By: George Noga – Updated March 1, 2014
In 1957 my parents paid $10,900 for a new median-price home. Their monthly payment including principal, interest, taxes and insurance was under $100. The house cost 1.5 years of my father’s income and the annual cost of ownership consumed less than 15% of income. We lived quite well without my mother ever working a single day.
I graduated from high school in 1961 and went on to college. Most high school chums remained in Orlando, began work at entry-level positions, married, had children and bought homes. The wives stayed home as a second income was not necessary to own a home or to raise children. I kept in touch with many erstwhile high school classmates and often visited them in their homes. Following is the story of two such people, Steve and Sandy.
The True Story of Steve and Sandy
Steve and Sandy (their real names) were high school sweethearts who married following graduation. Steve was hired in the paint shop of the Martin Company. His starting wage of $2.00/hour soon was increased to $2.25; including a little overtime, their family income was $5,000 per year. Less than a year after their marriage, they bought a new home; soon thereafter they had a daughter. Sandy did not work and stayed home to care for the baby.
I visited Steve and Sandy frequently during summers. They bought and furnished a new median-price single family home in Orlando. They were able to accumulate the down payment and to furnish the home in less than one year with both working. Once Sandy became pregnant, she quit work as they were able to afford the cost of home ownership solely on Steve’s income. Their home cost two years of Steve’s income; their monthly house payment including principal, interest, taxes and insurance was under $100. They comfortably managed the cost of home and baby and never contemplated Sandy going back to work as it simply wasn’t necessary.
Let’s fast forward 50 years to 2012 and to Steve and Sandy’s grandchild, Steve III. After high school Steve III earns at best $12/hour, or $24,000 per year. The median home costs 10 times his income and accumulating even a low 10% down payment would be daunting requiring years of saving. Even at low interest rates, the monthly nut would be $1,500, or $18,000 annually – nearly equal to Steve III’s take home pay. What possibly could account for such a dramatic change in only two generations? The answer in one word: government.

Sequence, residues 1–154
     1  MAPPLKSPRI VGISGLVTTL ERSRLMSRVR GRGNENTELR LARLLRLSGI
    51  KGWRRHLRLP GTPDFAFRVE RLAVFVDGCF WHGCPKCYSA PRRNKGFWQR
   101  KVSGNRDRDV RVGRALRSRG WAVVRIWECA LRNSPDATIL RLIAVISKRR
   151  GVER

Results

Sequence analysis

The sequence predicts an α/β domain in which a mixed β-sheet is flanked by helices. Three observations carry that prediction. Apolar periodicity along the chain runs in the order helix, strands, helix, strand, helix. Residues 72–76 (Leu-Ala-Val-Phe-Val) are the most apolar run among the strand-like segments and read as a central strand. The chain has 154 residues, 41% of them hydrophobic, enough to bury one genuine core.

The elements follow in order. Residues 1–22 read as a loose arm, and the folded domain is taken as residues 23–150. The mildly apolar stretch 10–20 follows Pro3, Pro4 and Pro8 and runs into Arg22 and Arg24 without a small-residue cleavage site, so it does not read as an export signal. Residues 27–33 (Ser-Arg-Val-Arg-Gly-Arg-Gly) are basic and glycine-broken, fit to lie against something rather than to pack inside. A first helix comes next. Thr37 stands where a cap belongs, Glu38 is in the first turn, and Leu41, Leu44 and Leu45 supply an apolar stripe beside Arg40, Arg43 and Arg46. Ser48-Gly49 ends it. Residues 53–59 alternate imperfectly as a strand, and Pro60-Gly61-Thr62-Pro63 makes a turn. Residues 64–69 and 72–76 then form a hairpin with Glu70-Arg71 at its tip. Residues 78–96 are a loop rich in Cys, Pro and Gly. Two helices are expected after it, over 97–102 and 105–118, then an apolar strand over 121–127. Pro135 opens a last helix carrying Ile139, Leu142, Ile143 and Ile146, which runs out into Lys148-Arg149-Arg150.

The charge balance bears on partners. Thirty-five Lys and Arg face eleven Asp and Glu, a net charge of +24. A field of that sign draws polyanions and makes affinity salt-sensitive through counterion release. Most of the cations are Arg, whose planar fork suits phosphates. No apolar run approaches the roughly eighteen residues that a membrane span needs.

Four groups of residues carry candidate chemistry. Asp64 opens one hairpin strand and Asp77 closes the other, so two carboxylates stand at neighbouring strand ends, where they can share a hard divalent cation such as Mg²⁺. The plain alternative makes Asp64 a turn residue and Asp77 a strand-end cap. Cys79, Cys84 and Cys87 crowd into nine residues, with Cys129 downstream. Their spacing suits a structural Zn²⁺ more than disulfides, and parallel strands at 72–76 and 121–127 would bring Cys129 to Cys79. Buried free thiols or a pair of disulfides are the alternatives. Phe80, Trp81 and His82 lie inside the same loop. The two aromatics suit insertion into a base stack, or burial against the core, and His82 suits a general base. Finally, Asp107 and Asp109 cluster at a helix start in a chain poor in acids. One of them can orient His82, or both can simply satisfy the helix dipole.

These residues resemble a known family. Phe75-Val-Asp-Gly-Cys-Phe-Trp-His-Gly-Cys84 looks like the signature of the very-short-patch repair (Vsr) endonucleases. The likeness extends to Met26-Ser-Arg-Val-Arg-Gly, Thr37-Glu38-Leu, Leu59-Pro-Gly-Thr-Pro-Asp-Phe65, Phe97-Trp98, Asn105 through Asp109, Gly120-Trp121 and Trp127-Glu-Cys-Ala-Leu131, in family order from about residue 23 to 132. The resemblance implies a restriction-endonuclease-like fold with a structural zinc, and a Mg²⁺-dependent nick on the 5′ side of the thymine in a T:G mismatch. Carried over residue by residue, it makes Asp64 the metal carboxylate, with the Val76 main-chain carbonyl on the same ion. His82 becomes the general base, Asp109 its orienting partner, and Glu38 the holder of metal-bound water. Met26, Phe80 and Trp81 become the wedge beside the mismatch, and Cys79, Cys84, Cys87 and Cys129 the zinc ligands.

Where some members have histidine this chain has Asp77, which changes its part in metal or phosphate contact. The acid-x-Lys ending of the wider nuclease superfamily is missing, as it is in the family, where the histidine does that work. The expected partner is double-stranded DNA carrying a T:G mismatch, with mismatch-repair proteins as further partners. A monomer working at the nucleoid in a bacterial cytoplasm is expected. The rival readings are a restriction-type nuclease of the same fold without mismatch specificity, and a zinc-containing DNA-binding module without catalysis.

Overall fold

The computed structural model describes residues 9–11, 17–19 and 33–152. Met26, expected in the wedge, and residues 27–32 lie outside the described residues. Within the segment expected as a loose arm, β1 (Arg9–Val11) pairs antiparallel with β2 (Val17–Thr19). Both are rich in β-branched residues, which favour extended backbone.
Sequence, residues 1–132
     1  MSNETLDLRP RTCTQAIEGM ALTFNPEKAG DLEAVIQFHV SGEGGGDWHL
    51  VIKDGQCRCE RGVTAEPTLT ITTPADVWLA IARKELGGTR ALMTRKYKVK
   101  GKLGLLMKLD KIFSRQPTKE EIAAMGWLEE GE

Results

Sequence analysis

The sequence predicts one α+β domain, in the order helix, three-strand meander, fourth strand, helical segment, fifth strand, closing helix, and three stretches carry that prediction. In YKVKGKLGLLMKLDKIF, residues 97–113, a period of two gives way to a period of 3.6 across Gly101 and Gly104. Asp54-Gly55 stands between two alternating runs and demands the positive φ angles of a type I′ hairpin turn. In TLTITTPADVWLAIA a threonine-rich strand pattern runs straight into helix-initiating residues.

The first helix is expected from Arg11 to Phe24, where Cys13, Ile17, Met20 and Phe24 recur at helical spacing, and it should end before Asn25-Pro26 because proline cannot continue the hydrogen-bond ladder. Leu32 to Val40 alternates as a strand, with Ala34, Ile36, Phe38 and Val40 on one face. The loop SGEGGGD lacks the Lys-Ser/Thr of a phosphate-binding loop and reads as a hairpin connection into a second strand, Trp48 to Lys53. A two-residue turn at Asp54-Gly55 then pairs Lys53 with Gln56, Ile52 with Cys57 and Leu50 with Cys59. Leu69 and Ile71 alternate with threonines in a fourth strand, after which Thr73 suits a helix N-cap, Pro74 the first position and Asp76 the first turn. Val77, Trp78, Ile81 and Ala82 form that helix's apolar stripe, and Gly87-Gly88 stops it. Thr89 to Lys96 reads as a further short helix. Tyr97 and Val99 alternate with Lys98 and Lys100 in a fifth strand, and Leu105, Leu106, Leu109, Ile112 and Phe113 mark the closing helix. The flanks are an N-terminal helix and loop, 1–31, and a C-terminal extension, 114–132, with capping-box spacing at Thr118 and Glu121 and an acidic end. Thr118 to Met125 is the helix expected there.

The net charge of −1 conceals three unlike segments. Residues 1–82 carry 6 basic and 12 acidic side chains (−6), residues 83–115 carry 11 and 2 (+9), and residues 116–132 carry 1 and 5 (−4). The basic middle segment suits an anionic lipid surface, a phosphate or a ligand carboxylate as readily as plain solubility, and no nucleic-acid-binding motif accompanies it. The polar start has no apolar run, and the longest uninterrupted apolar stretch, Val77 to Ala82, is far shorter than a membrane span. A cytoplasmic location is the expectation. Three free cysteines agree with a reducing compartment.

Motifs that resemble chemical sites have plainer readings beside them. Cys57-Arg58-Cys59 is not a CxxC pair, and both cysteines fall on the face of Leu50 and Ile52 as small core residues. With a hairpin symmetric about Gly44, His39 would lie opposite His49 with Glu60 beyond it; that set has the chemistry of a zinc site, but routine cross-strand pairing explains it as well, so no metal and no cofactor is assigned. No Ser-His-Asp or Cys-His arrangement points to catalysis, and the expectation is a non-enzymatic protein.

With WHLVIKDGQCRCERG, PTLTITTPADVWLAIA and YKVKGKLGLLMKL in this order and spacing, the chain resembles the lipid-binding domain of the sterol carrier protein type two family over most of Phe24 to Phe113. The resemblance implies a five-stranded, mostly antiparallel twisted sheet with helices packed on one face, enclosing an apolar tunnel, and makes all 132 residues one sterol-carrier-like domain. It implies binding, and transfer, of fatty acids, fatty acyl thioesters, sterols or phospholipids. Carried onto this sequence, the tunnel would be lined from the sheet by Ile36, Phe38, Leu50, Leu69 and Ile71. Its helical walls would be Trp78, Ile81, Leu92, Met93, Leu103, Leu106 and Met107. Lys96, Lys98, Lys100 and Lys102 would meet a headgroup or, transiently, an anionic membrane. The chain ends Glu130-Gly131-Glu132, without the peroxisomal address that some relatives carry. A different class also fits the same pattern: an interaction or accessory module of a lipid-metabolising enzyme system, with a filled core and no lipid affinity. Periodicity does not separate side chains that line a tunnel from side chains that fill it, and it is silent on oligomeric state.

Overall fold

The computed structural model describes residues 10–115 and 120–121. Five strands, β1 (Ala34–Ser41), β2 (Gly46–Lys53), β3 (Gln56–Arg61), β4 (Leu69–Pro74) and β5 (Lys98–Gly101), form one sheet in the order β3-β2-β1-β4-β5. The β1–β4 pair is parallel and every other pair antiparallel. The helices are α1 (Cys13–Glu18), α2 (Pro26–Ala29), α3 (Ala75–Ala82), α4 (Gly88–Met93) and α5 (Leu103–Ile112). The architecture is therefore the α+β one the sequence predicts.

The American dream is dead, thanks entirely to government that sucks the blood out of its citizens, i.e. the vampire state. For the first time ever, Americans believe the next generation will be worse off. In 1962 single-income families like Steve and Sandy were the norm; it was rare indeed for a married woman, especially one with children, to work outside the home.
Within one generation (by 1985) two-income families became a majority. Now Steve and Sandy’s son, Steve Jr., was 50% likely to have his wife in the work force. Today, during the generation of Steve III, wives and mothers must work to keep the family afloat. How and why did these changes happen? Why is it necessary today for a family to have two wage earners merely to live as well as their grandparents once lived with only one wage-earner?
“Two-income families are a Faustian bargain; the second income
pays only for more government, i.e. more blood for the vampire.”
The causes are many but all have a nexus to government. Fiat money and the abolition of the gold standard debased the dollar and devalued thrift and savings. Payroll and income taxes mushroomed and applied to ever more income. Property taxes rose exponentially. Regulation chokes growth and hidden taxes proliferate. Housing costs skyrocketed due to government growth management diktats such as concurrency, greenbelts, zoning, bureaucracy, regulatory delay, infill and anti leap-frogging to name only some of the culprits. The vampire state sucked out ever increasing amounts of blood – but it never is sated.
We were hoodwinked and seduced; for a brief time ersatz prosperity seemed to follow the transition to two-income households. Yes, we could have a second car (albeit a necessity not a luxury for two wage earners) and an extra TV and a few other accoutrements. By the time people noticed the degradation in their quality of life, it was too late for a volte-face. Two-worker families are a Faustian bargain; the second salary pays only for more blood for the vampire. Families doubled the number of workers and received only fool’s gold in return. Are Steve and Sandy’s grandchildren really better off today than their grandparents?